OPP Constable Glenn McLean was found not guilty today on 1 count of theft of an Intoxilyzer. It sounds like a pretty unremarkable story until one explores the history of this bizarre trial that began with 26 charges.
On October 13th, 2015, McLean appeared before Superior Justice Michael Varpio, at the Sault Ste. Marie Courthouse where he pled not guilty to 26 charges that ranged from theft from his place of employment- Elliot Lake OPP detachment, myriad assault charges and multiple charges of fraud and theft from the Anishinabie Naadmaagi Gamig Substance Abuse Treatment Centre (ANGSAT).
The charges against McLean stemmed from the witness statements of McLean’s former girlfriend –Karen Querat (Bedard). Querat was arrested on November 20th, 2013 and pled guilty on August 8th, 2014 to charges of fraud over $5,000 – $129,927.74 to be exact. Querat, the former bookkeeper for Blind River’s ANGSAT, nicked 20,000 bucks from the centre between August 2012 and January 2013. The remaining $110,000 in misappropriated funds was embezzled after meeting her boyfriend, OPP Constable, Glenn McLean, on January 29th, 2013.
Querat alleged that McLean not only had full knowledge of her illegal activity but encouraged her to continue embezzling money from the organization. Querat further alleged that McLean was violent, abusive and had stolen 33 litres of gas and an Intoxilyzer from work.
In April 2016, after days of dizzying and verbose testimony from star witness- Querat, that included allegations that McLean: threatened to chop her up and feed her to the beavers; beat her many times; indulged his sexual appetite with a minor; intimidated her to continue to steal funds from her employer; crafted the cover story that she came into an inheritance; and oh- interesting tidbits about Timmins Crown Attorney, Wayne O’Hanley’s banjo past time and disfiguring motorcycle accident; and so much more, the Crown withdrew 23 of 26 charges against McLean, stating that there wasn’t any likelihood of conviction. In May 2016, the Crown conceded the theft of gas from work and that left only the charge of theft of an Intoxilyzer.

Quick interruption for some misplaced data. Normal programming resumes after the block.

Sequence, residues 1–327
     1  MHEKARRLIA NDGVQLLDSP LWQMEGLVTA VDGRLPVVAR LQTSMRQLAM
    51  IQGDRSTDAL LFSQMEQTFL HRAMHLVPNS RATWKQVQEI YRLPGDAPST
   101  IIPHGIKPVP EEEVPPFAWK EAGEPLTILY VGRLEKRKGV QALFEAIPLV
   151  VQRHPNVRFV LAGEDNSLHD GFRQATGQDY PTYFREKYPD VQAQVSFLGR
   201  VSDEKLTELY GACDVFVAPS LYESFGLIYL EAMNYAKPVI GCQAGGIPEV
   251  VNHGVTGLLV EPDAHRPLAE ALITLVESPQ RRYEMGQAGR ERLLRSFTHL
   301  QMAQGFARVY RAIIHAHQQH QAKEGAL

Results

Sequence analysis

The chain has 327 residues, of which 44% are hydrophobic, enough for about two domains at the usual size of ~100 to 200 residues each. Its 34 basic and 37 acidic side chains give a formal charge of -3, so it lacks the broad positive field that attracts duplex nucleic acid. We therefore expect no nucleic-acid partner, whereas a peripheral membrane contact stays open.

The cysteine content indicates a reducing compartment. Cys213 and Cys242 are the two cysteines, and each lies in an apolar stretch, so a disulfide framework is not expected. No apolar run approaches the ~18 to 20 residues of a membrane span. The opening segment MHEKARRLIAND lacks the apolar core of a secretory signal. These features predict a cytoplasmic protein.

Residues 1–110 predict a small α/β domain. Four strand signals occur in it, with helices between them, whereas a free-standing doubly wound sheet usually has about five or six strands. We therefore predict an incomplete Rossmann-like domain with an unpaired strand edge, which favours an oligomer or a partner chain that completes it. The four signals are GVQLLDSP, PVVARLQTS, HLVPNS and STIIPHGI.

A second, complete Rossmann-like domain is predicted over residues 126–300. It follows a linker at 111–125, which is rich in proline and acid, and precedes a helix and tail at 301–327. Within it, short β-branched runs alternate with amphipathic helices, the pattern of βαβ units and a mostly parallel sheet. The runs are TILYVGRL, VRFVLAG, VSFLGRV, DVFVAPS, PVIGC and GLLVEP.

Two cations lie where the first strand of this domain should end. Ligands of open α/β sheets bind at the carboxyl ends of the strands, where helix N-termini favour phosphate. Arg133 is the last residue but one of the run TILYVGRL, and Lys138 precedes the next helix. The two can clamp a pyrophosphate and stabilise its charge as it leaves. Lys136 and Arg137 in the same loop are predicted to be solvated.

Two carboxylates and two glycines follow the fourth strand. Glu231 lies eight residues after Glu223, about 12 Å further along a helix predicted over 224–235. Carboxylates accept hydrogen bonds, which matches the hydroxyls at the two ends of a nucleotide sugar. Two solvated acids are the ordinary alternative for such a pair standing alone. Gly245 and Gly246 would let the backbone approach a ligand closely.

In his reasons for judgement, Superior Court Justice Michael Varpio, articulated that the OPP detachment in Elliot Lake seemed to have “a loose culture with respect to permitting the use of OPP equipment for personal use” and “Members of the detachment did not appear to be concerned about another officer’s personal use thereof” and “ In light of this loose culture, Constable McLean could reasonably have had an honestly-held belief that he was able to take the decommissioned Intoxilyzer home for an extended period of time.”
McLean, who would cart the Intoxilyzer around to parties in Elliot Lake, insisted that he never intended to steal it. Justice Varpio noted, “Further, as Constable McLean testified, someone who intended to steal the machine would have been foolish to bring the Intoxilyzer to a party lest he risk discovery.”
On the heels of the ‘not guilty’ verdict McLean’s partner, Sherri Elliot, burst into tears and said, “This has been dragging on for two and a half years. I can’t believe it’s over.”
McLean, at this time, had only one comment regarding the end of this most bewildering trial. “Relieved,” he said pushing his hands into his pockets, standing on the Sault Ste. Marie Courthouse steps.
Defense for McLean, Bruce Willson, indicates that today’s verdict was only a commencement, remarking, “As far as the defense is concerned, this matter is not over. This may be proceeding civilly against the Attorney General for damages for this prosecution.”
(feature image: Sherri Elliot, Constable Glen McLean at the Sault Ste. Marie Courthouse)